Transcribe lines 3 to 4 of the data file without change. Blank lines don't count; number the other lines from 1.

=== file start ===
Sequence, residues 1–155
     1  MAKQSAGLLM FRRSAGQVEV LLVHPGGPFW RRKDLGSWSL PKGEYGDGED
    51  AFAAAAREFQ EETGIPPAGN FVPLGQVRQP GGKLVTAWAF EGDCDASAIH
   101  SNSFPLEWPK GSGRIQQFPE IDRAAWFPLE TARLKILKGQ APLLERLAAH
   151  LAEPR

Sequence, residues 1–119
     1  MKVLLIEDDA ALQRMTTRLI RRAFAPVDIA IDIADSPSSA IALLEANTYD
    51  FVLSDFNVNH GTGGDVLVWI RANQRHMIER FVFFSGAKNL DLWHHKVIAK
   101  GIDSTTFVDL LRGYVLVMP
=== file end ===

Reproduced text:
    51  AFAAAAREFQ EETGIPPAGN FVPLGQVRQP GGKLVTAWAF EGDCDASAIH
   101  SNSFPLEWPK GSGRIQQFPE IDRAAWFPLE TARLKILKGQ APLLERLAAH